―Bret Anthony Johnston, New York Times Book Review
"Imagine Me Gone brilliantly captures the excruciating burden of love and the role it plays in both our survival and our destruction. Haslett suspends a sense of dread over you like an anvil from page one, cutting the rope that holds it in the brutal last act. You'd be a fool to look away."
―Julia Black, Esquire
"A richly drawn, Franzenesque canvas . . . Haslett's prose shimmers as he peers unflinchingly at the risks and rewards of fighting for love."―O, The Oprah Magazine
"A devastating family drama . . . Haslett's considerable skills as a writer turn domestic conflicts into something more profound . . . In one beautifully rendered scene after another, Haslett shows the family dealing with John's illness and Michael's descent while also managing their own conflicts . . . Imagine Me Gone is a handsome work . . . the sort of writing that is guaranteed to turn heads."―Michael Magras, Miami Herald
"Searing . . . Devastating and gorgeously written . . . Pure genius . . . Haslett hits the nail on the head when it comes to describing just how anguishing and time-consuming psychiatric disorders can be, not only for the afflicted but also for the flailing loved ones trying their damnedest-and failing-to find a suitable fix . . . Haslett writes with his eyes wide open about the pitfalls of piled-on medication, the panicked late-night phone calls, the cycles of fear, frustration, and guarded hope. And herein lies the kicker: Because these chapters are told from the alternating perspective of each of the five family members, we believe every word in them and bear witness to just how complex and multi-angled the issue of mental illness can be . . . By signing on with Haslett and his characters we are given the chance to look beyond our minutiae and daily distractions in order to notice the passage of time as experienced by others. We are reminded of what it is like to be truly, if fleetingly, alive."―Alexis Burling, San Francisco Chronicle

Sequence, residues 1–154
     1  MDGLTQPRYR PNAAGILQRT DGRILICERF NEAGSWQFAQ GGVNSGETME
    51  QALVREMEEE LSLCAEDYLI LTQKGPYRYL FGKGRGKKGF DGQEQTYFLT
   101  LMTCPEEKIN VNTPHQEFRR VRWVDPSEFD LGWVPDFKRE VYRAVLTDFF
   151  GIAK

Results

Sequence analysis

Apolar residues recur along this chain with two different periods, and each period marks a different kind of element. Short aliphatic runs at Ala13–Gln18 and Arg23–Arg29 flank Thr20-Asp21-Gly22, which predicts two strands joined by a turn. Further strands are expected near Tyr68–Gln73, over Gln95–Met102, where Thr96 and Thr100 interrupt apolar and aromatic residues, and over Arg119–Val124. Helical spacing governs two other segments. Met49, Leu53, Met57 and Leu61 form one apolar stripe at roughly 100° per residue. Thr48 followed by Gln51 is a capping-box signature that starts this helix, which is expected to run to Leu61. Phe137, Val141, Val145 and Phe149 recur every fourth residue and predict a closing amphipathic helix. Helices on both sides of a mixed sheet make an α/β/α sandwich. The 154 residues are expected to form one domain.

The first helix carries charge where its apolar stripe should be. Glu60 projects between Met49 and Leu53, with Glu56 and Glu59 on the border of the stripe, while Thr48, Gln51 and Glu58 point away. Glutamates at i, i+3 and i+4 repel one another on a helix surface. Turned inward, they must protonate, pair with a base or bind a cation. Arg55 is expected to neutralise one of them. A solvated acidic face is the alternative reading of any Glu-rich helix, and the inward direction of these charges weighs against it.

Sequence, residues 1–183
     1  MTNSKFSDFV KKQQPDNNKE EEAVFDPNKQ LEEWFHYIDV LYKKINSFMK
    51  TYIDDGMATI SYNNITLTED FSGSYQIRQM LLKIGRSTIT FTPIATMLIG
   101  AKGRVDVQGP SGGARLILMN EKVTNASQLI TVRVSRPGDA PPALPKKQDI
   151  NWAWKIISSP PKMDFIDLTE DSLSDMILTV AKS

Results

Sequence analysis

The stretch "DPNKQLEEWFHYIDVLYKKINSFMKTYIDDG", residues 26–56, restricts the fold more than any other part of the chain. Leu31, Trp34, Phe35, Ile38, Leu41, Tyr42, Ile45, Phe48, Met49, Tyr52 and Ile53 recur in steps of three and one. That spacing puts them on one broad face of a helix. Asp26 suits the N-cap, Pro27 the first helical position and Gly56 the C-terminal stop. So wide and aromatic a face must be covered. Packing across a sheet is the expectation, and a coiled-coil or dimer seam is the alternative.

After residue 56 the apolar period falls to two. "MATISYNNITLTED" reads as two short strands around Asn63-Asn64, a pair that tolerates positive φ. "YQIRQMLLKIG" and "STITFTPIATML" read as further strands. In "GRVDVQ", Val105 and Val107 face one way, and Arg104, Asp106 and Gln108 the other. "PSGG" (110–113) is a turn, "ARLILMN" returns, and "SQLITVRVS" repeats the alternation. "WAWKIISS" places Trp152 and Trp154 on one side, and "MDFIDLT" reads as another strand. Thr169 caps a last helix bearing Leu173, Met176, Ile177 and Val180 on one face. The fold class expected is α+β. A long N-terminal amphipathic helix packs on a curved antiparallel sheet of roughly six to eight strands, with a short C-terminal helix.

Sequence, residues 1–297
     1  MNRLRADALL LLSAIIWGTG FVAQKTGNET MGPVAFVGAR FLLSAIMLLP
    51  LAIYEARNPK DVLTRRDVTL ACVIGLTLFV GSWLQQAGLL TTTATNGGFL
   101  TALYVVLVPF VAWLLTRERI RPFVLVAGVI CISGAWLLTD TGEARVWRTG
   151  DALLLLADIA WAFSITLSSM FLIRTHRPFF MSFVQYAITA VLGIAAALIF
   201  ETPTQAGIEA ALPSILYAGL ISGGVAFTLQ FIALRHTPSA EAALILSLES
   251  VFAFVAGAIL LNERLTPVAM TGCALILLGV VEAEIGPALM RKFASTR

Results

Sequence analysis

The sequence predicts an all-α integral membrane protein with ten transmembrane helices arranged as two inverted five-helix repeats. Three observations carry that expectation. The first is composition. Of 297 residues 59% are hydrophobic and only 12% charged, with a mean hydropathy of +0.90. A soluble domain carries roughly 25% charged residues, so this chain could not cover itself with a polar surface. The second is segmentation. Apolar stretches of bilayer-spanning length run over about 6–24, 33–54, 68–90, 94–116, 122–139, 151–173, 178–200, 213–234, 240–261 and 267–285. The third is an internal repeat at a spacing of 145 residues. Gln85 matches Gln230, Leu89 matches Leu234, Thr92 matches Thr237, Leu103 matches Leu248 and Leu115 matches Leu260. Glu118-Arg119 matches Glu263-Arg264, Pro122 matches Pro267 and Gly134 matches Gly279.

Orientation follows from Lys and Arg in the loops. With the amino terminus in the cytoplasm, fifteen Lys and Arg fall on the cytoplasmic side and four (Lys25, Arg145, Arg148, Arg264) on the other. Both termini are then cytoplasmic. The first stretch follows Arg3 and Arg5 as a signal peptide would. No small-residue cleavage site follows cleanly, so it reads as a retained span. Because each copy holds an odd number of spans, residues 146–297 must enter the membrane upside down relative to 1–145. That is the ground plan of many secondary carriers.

"Powerful . . . Imagine Me Gone is a study of destructive family dynamics akin to Christina Stead's The Man Who Loved Children or Paul Theroux's The Mosquito Coast. Family here is a trap as filled with love and concern as it is with exasperation and dread. Moving with penetrating wit between the points of view of a father, mother, daughter, and two sons, the novel traces how the vein of mental illness running through this family affects every member . . . Haslett, as he turns the narrative over to first one and then the other, is uncanny in nailing how their differences in personality and temperament guide their respective actions . . . His sharp take on how minor family foibles become conflated with major family dysfunction introduces some unexpected comedy into the proceedings . . . Haslett expertly evokes family behavioral patterns that simply repeat themselves, taxing everyone's patience, before precipitating into panic-inducing crises . . . With its fugue of voices, each contributing a vital slant to the action, Imagine Me Gone offers rigorous formal pleasures. Yet while flirting with narrative artifice, Haslett stays keenly aware that in this family there is no explanation 'sufficient to account for the events . . . Lives weren't works of art.' In acknowledging that, Imagine Me Gone respects the mystery of how things happen the way they happen, while brilliantly conjuring the tide-like pull with which dreaded possibilities become harsh inevitability."―Michael Upchurch, Boston Globe